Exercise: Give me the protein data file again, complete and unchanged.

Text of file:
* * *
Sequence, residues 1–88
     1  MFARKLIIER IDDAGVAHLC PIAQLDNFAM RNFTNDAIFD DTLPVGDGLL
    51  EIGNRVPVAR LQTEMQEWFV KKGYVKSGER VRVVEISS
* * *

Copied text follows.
Sequence, residues 1–88
     1  MFARKLIIER IDDAGVAHLC PIAQLDNFAM RNFTNDAIFD DTLPVGDGLL
    51  EIGNRVPVAR LQTEMQEWFV KKGYVKSGER VRVVEISS